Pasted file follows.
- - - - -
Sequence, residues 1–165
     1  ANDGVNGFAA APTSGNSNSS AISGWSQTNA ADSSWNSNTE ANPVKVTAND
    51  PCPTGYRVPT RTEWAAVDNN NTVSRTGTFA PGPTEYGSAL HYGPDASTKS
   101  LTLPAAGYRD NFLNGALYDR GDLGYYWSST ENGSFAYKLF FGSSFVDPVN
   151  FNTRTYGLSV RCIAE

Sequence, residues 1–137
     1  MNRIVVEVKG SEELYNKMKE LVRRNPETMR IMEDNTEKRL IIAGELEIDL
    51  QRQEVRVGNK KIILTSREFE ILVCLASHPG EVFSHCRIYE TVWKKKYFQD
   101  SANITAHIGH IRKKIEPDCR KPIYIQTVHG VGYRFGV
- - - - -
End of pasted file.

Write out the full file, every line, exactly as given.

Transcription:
Sequence, residues 1–165
     1  ANDGVNGFAA APTSGNSNSS AISGWSQTNA ADSSWNSNTE ANPVKVTAND
    51  PCPTGYRVPT RTEWAAVDNN NTVSRTGTFA PGPTEYGSAL HYGPDASTKS
   101  LTLPAAGYRD NFLNGALYDR GDLGYYWSST ENGSFAYKLF FGSSFVDPVN
   151  FNTRTYGLSV RCIAE

Sequence, residues 1–137
     1  MNRIVVEVKG SEELYNKMKE LVRRNPETMR IMEDNTEKRL IIAGELEIDL
    51  QRQEVRVGNK KIILTSREFE ILVCLASHPG EVFSHCRIYE TVWKKKYFQD
   101  SANITAHIGH IRKKIEPDCR KPIYIQTVHG VGYRFGV